"Markets will now look to our politicians to see how they will deal with the situation – what plans they have to make this work. Also crucial will be the Bank of England's response to huge moves in the pound. We don't want knee-jerk reactions from Parliament. What we actually need is for our leaders to be sensible, rational and show us some stability.
"So markets are likely to be volatile in a general downward direction for a while, not helped by the fact that there are other big issues in the world that could also have an impact: China slowing, the US election and now possible contagion of Brexit to Frexit, etc.
"But the world won't end. And as we know from quite recent experience, markets bounce back and good companies continue to thrive in the longer term. I would actually even be tempted to buy into the market dips – not huge amounts, but small lump sums."
Mark Posniak, managing director, Dragonfly Property Finance
"There will be a huge amount of hypothesising about the fate of the UK property market, but it's impossible to know the full ramifications of the leave vote.
"How the Bank of England, the government, the financial markets and economy react today and in the weeks and months ahead will be crucial to how the property market performs.
"Caution, reduced transaction levels and downward pressure on prices in the months ahead are almost certain but we should not write off the property market.
"Despite the magnitude of the result, the structural supply issue underpinning the UK's property market may well prevent prices falling materially. Overseas demand may also increase on the back of the decimated pound. For many overseas investors, buying British property just got a lot cheaper.
"Short-term liquidity issues are possible, if not likely, among bank lenders and non-bank lenders that have bank funding lines. In the days and weeks ahead, banks and every other type of lender will be monitoring events forensically.
"With leave winning the referendum, the appetite for risk will almost certainly reduce until we have a better understanding of what we're facing."
Adrian Lowcock, head of investing, AXA Wealth
"There is no doubt a leave result is going to provide more uncertainty and therefore volatility in markets in the coming days and weeks. The impact of a leave vote will weigh on the UK much longer than a remain vote ever would. The UK stock market is likely to have a Brexit discount for sometime, as our politicians negotiate with the European Union.
"Times of uncertainty will knock investor confidence as they see falling share prices and panicked experts predict doom and gloom. This leads to making quick and often irrational decisions, such as selling after the market has fallen.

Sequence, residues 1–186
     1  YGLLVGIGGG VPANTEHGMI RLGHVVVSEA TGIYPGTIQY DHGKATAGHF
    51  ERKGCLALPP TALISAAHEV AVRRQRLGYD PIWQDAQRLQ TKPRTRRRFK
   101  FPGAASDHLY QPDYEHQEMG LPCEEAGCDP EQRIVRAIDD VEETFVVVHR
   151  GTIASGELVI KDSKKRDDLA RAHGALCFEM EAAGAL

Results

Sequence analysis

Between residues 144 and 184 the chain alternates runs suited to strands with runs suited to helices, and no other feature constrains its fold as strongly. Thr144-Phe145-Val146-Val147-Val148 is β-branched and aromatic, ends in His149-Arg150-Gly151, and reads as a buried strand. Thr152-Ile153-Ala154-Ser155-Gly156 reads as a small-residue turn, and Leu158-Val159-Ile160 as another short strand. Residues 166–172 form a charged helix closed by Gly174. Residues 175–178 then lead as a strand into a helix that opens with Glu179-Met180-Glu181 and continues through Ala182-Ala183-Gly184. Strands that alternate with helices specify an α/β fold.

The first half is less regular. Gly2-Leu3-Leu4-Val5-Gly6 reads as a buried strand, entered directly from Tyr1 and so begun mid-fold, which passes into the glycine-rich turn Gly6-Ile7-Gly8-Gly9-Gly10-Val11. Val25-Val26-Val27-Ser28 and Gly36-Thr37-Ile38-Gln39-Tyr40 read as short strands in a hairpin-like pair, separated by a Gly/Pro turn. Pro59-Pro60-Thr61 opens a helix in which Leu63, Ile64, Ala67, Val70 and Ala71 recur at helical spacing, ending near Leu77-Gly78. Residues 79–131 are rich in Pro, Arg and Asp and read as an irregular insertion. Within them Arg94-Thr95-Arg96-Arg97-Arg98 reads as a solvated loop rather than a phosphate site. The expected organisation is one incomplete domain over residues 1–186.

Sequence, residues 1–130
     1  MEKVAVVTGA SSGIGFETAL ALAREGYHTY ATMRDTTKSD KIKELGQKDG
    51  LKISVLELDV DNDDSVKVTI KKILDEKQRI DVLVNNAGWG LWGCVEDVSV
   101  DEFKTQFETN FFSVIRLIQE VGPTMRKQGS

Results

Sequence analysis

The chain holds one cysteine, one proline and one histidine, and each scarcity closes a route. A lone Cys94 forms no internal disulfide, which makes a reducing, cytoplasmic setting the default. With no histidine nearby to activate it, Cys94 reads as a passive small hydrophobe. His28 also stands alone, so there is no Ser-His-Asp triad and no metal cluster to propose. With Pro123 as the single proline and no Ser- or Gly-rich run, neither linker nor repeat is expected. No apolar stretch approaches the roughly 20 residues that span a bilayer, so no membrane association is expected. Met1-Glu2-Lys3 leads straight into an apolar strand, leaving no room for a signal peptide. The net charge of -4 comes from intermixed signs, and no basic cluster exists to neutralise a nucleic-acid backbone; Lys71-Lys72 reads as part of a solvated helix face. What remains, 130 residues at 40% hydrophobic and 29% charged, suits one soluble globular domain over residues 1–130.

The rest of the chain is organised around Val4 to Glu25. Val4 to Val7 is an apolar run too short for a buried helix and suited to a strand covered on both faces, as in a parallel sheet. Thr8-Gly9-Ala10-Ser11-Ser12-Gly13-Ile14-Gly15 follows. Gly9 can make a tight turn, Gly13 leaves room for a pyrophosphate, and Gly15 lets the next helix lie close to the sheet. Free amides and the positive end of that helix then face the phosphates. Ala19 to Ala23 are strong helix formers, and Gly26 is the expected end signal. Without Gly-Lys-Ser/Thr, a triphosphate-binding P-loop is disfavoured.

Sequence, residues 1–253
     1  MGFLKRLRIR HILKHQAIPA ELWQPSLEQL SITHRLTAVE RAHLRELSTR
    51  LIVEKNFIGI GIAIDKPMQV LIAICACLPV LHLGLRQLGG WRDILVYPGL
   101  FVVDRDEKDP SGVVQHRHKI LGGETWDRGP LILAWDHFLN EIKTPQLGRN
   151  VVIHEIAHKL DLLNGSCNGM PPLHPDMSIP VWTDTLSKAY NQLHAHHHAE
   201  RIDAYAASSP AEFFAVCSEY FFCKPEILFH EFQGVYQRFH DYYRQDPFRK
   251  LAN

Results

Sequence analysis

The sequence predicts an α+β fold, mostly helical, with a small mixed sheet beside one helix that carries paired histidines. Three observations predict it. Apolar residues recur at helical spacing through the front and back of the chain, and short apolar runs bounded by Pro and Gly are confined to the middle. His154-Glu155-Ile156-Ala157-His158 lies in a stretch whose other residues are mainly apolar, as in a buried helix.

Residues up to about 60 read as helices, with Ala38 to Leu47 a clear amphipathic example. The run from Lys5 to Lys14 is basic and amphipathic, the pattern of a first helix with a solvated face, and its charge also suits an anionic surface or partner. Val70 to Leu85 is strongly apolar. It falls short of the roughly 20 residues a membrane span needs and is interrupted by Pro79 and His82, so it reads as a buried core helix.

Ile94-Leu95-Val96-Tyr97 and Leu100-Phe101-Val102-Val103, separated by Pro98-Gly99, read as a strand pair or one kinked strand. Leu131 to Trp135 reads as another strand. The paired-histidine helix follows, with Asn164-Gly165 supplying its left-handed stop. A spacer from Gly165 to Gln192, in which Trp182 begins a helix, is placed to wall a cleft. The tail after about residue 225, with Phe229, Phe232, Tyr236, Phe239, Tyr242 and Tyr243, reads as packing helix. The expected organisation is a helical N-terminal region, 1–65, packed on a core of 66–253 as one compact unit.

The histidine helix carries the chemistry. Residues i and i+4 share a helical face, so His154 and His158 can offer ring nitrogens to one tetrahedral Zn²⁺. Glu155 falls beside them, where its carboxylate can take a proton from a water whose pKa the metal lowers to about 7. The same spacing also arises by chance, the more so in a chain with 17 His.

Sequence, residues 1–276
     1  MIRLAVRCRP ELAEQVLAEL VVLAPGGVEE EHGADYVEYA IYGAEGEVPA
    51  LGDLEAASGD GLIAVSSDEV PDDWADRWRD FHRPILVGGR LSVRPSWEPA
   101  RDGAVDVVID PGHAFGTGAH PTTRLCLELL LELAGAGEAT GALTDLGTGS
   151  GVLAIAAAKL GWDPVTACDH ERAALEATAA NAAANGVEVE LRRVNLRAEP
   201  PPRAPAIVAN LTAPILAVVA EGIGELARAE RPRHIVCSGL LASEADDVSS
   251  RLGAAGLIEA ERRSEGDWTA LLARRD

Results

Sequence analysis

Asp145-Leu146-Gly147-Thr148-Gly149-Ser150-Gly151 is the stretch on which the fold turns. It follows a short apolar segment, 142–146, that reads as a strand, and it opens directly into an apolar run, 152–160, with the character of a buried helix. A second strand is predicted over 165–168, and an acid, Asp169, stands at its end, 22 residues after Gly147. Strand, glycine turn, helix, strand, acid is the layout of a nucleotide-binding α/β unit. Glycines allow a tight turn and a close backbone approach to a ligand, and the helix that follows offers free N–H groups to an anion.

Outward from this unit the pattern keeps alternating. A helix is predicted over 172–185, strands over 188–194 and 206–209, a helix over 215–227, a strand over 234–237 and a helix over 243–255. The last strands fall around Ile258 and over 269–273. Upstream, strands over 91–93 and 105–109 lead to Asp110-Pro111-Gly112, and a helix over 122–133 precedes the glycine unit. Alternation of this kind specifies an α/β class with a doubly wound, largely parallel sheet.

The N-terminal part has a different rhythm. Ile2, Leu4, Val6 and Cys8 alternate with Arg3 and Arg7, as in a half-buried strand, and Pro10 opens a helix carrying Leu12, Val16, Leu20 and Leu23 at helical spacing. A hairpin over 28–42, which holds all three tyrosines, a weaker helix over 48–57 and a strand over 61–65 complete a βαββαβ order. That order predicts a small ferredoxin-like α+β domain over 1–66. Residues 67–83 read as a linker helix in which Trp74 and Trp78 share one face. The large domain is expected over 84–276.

"Investors need to remember that, in the short run, markets overemphasise the importance of current events while they barely register over the long run as markets revert back to fundamentals. Companies will adjust and the British economy will adapt.
"Investors need to look through all the noise and remain focused on their personal goals. Any sell-off will produce opportunities for prudent investors looking at the big picture and focused on the longer term.
"A weaker sterling will help the UK become more competitive and could boost the earnings of many of UK's large companies where the bulk of profits are made overseas."
Charles Hepworth, investment director, GAM
"The UK's decision to leave the EU has come as a surprise, given recent polls. We now expect sterling to weaken considerably to nearer parity against the euro and the 1.20 region against the dollar.
"Looking at the UK equity market, we expect some reasonably large declines in prices of between 15-20% over the next few months. UK growth downgrades of up to an annualised 1% drop in GDP over the next decade is highly likely, with the greatest impacts being seen over the next few years. European equity markets will also come under severe pressure on the perceived fracturing of the EU.
"Should UK equity exposure be required for specific client mandates, then relative safety could be found in the larger cap end of the market, but expect mid and smaller-cap companies to come under significant pressure. A risk-off mode to European equities in general would be the most prudent option at this time."